Eight Minutes with the Mayor
By Dominic J Larsen, Clarion Staff
Sacramento Mayor Darrell Steinberg, the newest citizen to hold the title, just passed over two months in office. On February 7, he hosted a press conference at City Hall with some of the area’s finest student journalists including a half-dozen from John F. Kennedy High School. Some of the other 12 area high schools participating in the event included Rio Americano, Florin, River City, Gerber, and Laguna Creek.
Upon arriving, Steve O’Donoghue, Director of the California Scholastic Journalism Initiative, and Sharon Ito, former newscaster and mentor to student journalists in the network, greeted the student journalists. After a brief mingling session, everyone gathered in a conference room set up for the press conference. A short wait later, many young reporters learned the harsh reality of the press pool, as the mayor was not able to appear as scheduled and one of his council members spoke in his place.
Eric Guerra, the councilmember representing District 6 (the area nearby Hiram Johnson High School), spoke first. Councilman Guerra answered questions for over fifteen minutes, speaking about the city’s plan to improve the situation of homelessness, education, and immigration. Guerra centered his speech on the importance and power of education.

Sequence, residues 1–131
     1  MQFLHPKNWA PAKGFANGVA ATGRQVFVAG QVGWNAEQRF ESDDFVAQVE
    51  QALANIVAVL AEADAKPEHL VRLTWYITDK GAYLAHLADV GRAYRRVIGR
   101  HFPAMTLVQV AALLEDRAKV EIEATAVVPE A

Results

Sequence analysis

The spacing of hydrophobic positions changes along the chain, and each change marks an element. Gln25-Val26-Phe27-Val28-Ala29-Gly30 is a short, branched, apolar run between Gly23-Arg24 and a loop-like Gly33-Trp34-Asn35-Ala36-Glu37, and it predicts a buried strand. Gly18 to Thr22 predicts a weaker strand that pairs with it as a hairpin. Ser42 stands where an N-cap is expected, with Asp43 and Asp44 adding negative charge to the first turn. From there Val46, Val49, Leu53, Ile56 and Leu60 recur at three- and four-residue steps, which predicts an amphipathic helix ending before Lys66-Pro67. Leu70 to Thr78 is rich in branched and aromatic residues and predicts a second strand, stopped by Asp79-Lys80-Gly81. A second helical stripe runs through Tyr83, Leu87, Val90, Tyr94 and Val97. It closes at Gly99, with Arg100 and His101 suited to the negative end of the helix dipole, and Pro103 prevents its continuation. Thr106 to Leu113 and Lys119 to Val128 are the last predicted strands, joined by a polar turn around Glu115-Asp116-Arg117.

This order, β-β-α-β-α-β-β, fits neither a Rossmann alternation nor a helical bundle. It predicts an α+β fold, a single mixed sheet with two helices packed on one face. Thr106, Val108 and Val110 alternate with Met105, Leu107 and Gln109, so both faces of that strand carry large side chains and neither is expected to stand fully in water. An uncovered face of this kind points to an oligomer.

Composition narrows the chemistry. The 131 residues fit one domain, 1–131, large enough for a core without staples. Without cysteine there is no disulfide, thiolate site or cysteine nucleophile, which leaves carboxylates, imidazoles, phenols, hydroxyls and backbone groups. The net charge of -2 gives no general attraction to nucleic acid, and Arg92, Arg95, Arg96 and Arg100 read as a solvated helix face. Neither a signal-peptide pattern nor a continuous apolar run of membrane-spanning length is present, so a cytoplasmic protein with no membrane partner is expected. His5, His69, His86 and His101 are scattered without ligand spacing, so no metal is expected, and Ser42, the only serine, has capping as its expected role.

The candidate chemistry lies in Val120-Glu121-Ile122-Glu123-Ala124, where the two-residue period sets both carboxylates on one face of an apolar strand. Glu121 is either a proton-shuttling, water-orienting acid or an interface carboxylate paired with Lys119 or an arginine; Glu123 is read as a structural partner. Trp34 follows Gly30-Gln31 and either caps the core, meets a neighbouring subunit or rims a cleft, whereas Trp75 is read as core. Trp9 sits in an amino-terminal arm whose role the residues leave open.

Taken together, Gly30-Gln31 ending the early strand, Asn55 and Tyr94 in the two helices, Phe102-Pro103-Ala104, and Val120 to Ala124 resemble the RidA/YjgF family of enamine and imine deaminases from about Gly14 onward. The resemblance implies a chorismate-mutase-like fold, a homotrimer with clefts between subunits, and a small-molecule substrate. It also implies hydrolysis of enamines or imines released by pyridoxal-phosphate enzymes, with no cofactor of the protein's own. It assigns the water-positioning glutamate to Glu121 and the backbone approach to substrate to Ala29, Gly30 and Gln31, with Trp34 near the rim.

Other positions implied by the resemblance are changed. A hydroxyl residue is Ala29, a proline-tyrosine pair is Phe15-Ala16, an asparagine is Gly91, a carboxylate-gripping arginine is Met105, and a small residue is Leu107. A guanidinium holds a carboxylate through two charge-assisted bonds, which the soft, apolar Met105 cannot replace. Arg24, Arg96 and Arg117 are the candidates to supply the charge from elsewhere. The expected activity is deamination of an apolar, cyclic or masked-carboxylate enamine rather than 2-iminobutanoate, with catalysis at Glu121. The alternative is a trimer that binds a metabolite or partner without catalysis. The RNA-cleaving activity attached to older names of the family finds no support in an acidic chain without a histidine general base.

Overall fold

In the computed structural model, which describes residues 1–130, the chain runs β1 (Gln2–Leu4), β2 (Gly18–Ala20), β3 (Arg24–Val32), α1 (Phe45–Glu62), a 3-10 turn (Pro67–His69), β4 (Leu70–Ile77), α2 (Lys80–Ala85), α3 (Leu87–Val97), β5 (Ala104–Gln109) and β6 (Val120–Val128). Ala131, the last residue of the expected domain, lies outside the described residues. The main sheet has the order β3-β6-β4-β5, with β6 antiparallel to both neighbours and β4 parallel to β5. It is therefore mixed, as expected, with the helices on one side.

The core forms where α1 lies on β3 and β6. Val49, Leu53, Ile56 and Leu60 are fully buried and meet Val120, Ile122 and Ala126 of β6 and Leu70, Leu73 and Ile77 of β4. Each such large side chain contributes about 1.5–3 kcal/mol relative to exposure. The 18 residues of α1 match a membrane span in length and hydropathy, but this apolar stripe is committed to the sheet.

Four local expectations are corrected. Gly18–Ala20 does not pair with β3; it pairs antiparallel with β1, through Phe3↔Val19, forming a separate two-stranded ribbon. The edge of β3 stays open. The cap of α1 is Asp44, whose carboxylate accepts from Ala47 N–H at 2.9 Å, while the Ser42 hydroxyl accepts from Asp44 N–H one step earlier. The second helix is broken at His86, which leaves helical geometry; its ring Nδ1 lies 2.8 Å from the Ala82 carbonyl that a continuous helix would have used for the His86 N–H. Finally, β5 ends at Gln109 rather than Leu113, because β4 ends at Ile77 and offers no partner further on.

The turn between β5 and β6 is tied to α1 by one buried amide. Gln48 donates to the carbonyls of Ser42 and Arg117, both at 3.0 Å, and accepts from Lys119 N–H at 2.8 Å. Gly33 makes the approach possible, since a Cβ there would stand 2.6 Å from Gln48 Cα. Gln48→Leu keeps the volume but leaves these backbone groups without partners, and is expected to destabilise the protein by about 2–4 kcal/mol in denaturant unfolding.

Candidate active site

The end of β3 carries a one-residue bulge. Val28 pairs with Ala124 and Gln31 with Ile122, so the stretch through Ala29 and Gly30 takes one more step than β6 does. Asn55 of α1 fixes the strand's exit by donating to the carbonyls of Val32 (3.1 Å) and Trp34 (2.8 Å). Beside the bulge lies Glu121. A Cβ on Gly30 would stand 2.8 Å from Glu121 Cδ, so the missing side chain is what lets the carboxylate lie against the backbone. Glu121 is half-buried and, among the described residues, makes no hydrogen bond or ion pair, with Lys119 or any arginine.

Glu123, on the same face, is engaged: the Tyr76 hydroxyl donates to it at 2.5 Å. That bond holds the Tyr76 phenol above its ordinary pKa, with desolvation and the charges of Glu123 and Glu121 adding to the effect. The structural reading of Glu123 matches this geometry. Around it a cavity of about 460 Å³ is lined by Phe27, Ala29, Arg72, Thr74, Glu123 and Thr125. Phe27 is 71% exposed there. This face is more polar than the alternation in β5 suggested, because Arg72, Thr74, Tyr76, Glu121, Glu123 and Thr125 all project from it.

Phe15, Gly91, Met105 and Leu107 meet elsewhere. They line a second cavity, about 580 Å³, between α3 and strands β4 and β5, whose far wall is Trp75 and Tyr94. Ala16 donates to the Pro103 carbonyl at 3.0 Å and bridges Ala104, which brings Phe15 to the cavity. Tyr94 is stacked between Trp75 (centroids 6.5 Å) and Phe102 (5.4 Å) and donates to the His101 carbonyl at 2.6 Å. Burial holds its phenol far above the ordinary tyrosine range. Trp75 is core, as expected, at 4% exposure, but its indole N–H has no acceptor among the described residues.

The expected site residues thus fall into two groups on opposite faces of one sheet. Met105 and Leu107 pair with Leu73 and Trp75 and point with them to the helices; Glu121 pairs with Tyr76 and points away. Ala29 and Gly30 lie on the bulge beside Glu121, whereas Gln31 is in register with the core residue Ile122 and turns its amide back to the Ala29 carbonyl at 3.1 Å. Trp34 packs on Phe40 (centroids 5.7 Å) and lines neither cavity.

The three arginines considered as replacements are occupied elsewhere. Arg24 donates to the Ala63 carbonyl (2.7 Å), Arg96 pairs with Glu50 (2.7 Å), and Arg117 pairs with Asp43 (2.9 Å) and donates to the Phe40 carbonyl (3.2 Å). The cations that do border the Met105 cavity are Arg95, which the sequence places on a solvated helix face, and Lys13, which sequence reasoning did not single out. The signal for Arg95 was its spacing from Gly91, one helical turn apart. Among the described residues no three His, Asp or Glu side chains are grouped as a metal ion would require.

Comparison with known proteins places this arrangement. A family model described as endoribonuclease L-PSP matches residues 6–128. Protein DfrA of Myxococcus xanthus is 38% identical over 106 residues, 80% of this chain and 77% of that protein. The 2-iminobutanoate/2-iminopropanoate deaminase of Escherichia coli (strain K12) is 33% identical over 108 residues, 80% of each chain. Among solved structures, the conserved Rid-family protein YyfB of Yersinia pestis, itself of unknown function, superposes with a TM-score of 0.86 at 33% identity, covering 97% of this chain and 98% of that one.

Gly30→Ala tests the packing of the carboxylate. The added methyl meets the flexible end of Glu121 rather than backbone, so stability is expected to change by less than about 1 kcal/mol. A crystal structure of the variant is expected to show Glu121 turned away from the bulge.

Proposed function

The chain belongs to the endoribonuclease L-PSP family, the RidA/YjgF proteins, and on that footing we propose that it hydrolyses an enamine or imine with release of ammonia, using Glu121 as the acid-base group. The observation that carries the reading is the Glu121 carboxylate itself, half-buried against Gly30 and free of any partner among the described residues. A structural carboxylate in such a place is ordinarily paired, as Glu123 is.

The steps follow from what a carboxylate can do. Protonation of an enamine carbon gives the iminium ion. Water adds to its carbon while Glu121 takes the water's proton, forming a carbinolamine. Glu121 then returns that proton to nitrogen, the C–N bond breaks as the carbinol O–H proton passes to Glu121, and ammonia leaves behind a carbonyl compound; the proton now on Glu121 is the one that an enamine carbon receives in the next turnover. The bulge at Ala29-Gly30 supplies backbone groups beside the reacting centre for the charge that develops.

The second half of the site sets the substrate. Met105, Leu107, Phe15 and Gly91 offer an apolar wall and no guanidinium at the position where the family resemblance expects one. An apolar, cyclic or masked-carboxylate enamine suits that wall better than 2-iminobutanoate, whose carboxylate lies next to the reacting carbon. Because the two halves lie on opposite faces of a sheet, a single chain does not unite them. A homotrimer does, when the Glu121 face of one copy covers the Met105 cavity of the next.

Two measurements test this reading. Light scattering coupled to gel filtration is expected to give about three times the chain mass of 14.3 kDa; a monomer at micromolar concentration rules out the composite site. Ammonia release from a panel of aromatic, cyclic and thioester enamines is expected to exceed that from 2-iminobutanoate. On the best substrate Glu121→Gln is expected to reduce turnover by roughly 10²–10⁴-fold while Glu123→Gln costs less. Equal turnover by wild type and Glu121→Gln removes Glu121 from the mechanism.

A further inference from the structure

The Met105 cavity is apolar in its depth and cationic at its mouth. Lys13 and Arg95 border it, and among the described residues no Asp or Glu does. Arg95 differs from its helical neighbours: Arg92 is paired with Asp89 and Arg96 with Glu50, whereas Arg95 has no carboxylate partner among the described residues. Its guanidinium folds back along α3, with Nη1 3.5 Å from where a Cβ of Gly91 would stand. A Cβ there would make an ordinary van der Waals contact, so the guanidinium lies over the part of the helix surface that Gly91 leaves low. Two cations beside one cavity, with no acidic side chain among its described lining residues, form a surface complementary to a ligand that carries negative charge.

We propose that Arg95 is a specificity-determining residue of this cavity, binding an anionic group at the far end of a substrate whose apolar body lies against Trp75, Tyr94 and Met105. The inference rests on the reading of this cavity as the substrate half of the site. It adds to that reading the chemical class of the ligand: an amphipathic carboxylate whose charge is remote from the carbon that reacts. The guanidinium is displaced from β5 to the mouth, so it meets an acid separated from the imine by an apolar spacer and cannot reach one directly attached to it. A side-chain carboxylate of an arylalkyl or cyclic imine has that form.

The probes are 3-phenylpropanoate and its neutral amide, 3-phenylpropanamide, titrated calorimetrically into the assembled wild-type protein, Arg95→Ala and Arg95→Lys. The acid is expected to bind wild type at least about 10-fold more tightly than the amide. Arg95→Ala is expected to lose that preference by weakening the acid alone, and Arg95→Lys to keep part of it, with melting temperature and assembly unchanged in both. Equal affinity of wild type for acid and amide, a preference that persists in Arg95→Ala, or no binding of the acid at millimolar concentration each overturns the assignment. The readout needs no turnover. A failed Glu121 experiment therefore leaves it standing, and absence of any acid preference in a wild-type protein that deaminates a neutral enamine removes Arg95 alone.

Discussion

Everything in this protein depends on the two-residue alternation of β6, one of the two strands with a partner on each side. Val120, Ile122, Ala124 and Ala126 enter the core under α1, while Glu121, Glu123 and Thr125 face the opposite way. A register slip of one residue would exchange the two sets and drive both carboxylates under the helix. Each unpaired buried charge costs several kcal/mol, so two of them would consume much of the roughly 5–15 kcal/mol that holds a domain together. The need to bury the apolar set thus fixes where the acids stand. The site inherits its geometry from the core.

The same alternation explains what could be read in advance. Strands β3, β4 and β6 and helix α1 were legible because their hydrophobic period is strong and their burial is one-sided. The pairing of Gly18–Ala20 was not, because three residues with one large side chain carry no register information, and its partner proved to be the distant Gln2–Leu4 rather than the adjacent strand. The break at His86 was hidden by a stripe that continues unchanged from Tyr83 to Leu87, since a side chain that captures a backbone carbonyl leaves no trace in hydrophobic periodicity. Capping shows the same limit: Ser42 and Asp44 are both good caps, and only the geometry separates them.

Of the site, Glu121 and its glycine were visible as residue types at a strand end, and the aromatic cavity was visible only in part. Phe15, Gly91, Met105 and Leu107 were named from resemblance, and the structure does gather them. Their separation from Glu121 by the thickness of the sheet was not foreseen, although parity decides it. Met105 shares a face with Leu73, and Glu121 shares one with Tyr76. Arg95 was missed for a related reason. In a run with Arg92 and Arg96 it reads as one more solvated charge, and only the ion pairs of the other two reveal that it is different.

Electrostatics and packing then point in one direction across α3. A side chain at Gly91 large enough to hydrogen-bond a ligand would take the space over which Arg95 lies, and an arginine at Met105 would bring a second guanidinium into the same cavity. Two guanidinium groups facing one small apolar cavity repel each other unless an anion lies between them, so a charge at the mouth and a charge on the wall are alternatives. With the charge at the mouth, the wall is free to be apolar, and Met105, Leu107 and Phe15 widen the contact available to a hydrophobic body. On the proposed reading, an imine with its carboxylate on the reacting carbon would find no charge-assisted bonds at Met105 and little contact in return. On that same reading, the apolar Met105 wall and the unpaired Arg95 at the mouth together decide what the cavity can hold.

As a young child, Guerra immigrated undocumented to the United States and worked in agriculture. He worked throughout his school career, and eventually graduated from college with a degree in engineering. He used this anecdote to illustrate the idea that anyone can accomplish his or her goals and dream through education.
While Guerra was speaking, Mayor Steinberg arrived, later than expected, due to the Budget Committee running late. Steinberg took control of the press conference eating a bag of kettle corn. Though he was very friendly, he indicated he had only a short amount of time to answer questions. The Mayor reiterated many of his campaign promises to students and then offered students the opportunity to ask questions. Unfortunately, JFK’s students did not have the chance to ask any questions regarding issues affecting students or the city, but The Clarion was able to receive valuable experience in covering a political press conference.
All photos by Jazmin Flemmer, Katie Albert